A Bunnings development application is blocked by a council. The local paper publishes a story in Adelaide. The ignorant complain about jobs and progress. It is the same old story. Here is what the ignorant are unaware of, though.
A recent Facebook post by The Advertiser said:
“A local council’s development panel has knocked back a proposed Bunnings store, saying it would generate heavy traffic and hurt existing traders.”
Cue the ignorant saying: “Oh because we don’t want jobs and progress in Adelaide”.
The problem is …
a) It is another example of flawed zoning laws that need to change,
b) job displacement.
I will focus on the job displacement topic because these “big box” stores can have net loss effect on job creation. That is not progress one bit.
Once upon a time
A small family-run hardware store closed not long after Masters opened nearby at Adelaide Airport. It happens all the time when these bigger stores move in nearby and customers think that they will find everything cheaper there. Masters did not last long.
It was South Henley Hardware on Henley Beach Rd, Henley Beach South, that closed after 60 years of the family running it. Thanks to Masters! That is a story repeated across Adelaide with all sorts of shops after bigger competitors wiped them out. Clothing shops are among the more recent examples.
What some of the public who cry about jobs forget, is that it is more than just a local independent hardware store that closes when Bunnings or another big chain wipes them out (same with supermarkets and greengrocers, butchers and bakeries). There are shops that sell similar hardware and home products, like garden nurseries, and in some cases services, e.g. paint mixing and sales of paint products. These are often wiped out as well.
The multiplier effect on lost jobs is not always cancelled out by the jobs created by bigger stores. There can be a net loss of local jobs overall. That is not progress one bit. This is what “oh but the jobs Bunnings will create” whingers do not think of.
In fact, sometimes the jobs that are created at Bunnings do not always even offer enough hours. I heard a guy in my local Bunnings tell his colleague that he only had one shift that week. This is the trouble with spreading the work around. If only that guy had gone to an independent hardware store or garden nursery to get work (out of what ones are left). He may have at least picked up two or three shifts from Friday to Sunday when those places are busier. It is a start but of course you cannot live on that bit of work if you are relying on it for a living.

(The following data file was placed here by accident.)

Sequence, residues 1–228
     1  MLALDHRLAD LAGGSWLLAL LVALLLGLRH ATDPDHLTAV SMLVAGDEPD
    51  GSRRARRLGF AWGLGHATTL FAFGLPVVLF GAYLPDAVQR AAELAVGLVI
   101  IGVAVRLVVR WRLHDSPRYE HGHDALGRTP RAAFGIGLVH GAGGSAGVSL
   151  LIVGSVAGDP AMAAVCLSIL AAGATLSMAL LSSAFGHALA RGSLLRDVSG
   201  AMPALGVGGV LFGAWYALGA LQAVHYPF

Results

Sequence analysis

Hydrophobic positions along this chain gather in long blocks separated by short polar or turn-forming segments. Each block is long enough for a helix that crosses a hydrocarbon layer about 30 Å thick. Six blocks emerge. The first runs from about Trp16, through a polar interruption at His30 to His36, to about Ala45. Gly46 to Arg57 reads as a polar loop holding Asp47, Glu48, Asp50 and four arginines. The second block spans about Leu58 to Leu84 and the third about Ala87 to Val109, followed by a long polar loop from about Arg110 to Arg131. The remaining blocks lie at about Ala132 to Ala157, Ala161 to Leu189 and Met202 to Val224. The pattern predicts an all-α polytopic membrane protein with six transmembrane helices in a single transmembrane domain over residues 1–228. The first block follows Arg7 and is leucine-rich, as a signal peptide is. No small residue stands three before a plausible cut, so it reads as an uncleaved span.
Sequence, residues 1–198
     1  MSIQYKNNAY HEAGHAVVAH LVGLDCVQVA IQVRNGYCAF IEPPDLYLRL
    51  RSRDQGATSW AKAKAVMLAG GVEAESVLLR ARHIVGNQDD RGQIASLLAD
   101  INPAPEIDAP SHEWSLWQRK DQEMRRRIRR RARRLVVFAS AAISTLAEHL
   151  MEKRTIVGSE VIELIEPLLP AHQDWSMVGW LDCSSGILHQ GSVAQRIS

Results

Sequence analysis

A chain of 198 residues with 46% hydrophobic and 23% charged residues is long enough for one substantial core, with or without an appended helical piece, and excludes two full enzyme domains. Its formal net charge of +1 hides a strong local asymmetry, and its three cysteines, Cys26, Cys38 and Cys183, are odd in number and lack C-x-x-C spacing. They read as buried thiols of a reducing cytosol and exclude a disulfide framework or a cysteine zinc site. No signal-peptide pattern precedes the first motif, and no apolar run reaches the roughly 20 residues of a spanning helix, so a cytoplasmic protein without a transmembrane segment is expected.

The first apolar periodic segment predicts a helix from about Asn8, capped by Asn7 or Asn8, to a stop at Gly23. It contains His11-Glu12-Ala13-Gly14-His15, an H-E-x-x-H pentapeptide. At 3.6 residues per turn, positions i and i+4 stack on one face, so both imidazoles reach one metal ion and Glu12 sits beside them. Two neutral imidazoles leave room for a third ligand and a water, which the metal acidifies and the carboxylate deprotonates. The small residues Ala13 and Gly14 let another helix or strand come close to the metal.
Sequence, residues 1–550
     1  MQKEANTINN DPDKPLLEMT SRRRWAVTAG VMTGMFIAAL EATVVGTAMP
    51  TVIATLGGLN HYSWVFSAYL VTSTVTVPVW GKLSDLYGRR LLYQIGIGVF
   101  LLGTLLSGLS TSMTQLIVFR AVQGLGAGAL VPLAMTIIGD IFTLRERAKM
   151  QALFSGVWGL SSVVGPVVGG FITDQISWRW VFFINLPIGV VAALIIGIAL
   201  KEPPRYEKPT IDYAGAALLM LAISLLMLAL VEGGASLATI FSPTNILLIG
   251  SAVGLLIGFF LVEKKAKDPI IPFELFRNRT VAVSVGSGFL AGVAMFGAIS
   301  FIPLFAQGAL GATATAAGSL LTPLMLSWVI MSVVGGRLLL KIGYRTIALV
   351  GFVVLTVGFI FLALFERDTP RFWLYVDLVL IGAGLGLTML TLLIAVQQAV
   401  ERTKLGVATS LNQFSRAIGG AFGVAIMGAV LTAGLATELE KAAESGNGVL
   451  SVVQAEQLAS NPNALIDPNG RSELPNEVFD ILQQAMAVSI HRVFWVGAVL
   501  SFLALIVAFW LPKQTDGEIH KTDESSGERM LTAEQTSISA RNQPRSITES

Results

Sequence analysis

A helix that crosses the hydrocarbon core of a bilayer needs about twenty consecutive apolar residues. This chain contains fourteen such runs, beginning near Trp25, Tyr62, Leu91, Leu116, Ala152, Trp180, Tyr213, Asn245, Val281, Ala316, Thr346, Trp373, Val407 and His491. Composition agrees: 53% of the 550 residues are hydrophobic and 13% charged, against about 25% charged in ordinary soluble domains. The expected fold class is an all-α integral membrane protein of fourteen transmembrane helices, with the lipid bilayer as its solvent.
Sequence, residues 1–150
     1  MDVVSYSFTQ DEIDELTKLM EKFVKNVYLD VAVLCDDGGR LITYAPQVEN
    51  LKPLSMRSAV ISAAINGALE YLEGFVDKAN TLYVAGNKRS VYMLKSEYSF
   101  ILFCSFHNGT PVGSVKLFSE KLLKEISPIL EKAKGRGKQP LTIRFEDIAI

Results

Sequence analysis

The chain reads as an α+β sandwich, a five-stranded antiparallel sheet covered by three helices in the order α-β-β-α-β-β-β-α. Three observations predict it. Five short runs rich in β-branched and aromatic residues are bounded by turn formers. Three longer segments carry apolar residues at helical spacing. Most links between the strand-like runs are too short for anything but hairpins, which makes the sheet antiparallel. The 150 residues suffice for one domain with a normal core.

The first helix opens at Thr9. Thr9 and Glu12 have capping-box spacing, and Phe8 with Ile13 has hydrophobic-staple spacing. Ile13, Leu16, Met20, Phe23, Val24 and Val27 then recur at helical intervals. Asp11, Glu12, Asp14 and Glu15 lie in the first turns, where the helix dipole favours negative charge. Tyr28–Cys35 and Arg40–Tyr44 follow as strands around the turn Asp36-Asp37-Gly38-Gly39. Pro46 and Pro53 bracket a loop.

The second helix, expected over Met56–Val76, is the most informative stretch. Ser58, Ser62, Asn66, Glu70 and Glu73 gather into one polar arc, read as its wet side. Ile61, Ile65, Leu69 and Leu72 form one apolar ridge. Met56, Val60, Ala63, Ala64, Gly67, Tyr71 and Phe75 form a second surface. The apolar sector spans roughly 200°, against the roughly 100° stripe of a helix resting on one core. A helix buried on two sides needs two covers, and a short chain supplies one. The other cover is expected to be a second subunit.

Once the larger store has captured the local market they can jack up prices to rip off everyone. In addition, they may have exclusive supply arrangements like Bunnings does for some of its products. This is why the price guarantee is a widely known con because you absolutely will not find the same stocked item cheaper elsewhere. You may find rat bait on special at Woolworths, along with some of the other common items found in hardware stores, but not the exclusive products. This is why no one believes the price match guarantee.
It definitely pays to ignore the ads and shop around. Sometimes you will find better value for money elsewhere. The price of a product can be cheaper sometimes at Mitre10 and other stores. The quality and size of that product can be better and bigger for that price too. So Bunnings can be good for some products but not for others. Then there is the staff and their product knowledge, or lack thereof.
People complained all the time in social media about the staff’s lack of product knowledge at Masters. Indeed, this is one of two common complaints about Bunnings from the public in social media. The other one is the half-dead plants that appear to be diseased and do not appear to have been watered for days. (Smart people usually do not buy plants from garden centres but rather from plant nurseries that know what they are doing to an extent.)
This is the difference between big box stores and smaller, independent stores. You cannot beat what the latter offer as far as knowledge goes. They also tend to water their plants more often and offer plants from accredited growers (certainly with the retail plant nurseries). Hardware store garden centres also offer some of their plant range from accredited wholesale nurseries, but it is the way in which they are looked after in the retail setting that is the difference.
Bunnings at Mile End is the only Bunnings store in the inner suburbs from which I would buy a plant or two. The range of plants and accessories is quite big by comparison to the non-warehouse Bunnings stores. So I do not mind recommending that place at least. I used to like Masters as well to an extent. Their range was smaller and some of their plants were bone dry but it was a nice enough garden centre for some products and cheap tubestock plants of good quality. It does pay to shop around and get some of what you need or want at one place and go to a different brand store for other products or plants.
Moral of the story
If you shop local, say at a family-run Mitre10 or garden nursery, then you are keeping the money here instead of in a CEO’s pocket elsewhere. Recent American media stories have provided statistics showing that people are growing tired of these tedious, generic, big box stores. They are returning to family-run ones instead. The pendulum is swinging back as the big box experiment proves to be very poor for customers. The same situation will occur here in due time.
So perhaps the ignorant could keep the above points in mind next time a Bunnings development is blocked for any reason? Then the ignorant will not humiliate themselves quite as much 🙂
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